Bone fragility resulting from osteoporosis places a significant percentage of elderly women and other patient groups at risk for bone fracture. Risk factors for osteoporosis include hypogonadal states (particularly menopause), smoking, low calcium intake, lack of weight- bearing exercise, family history and use of certain medications. Preventive strategies are based on achieving and maintaining optimal bone mass through diet, exercise, appropriate use of hormone replacement therapy and avoidance of adverse influences, particularly smoking and certain medications. Laboratory investigations are of limited use in the detection and assessment of osteoporosis, but new techniques may help physicians identify patients with accelerated bone metabolism. Currently, the most precise method of radiologically assessing osteoporosis is dual-energy x-ray absorptiometry. Many new agents for the treatment of osteoporosis are being examined. First- line therapies currently include alendronate and calcitonin. The choice of therapy must be individualized and combined with advice about nutrition and exercise, both to optimize bone density and to minimize the risk of trauma.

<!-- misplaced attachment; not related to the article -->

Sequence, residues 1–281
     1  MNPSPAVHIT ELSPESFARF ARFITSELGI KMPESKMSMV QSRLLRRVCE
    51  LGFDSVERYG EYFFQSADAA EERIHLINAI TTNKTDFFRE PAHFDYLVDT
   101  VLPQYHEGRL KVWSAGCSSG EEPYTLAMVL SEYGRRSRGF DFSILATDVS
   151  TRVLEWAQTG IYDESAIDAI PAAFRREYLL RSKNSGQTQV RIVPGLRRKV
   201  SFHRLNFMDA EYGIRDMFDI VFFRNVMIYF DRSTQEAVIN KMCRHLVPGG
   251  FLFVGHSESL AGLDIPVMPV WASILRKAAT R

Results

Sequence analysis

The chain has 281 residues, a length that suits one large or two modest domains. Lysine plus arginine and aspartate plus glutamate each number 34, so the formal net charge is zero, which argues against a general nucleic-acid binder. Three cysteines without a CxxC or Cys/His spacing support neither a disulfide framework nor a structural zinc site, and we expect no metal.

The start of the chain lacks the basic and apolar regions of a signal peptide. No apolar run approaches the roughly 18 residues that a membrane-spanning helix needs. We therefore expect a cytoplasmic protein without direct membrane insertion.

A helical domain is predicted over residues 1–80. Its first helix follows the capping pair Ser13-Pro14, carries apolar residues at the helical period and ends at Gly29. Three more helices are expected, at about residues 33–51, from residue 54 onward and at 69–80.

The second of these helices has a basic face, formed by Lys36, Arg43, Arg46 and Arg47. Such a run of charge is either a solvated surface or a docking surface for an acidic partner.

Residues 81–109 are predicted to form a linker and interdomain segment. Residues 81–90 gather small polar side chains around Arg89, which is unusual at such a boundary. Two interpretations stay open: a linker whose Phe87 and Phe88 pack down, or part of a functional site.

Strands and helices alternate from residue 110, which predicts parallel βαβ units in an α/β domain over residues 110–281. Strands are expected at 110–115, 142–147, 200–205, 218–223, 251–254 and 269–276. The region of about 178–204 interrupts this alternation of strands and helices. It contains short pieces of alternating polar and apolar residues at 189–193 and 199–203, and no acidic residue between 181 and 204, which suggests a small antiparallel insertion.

|Original language||English (US)|
|Number of pages||7|
|Journal||American family physician|
|State||Published - Sep 1 1996|
ASJC Scopus subject areas
- Family Practice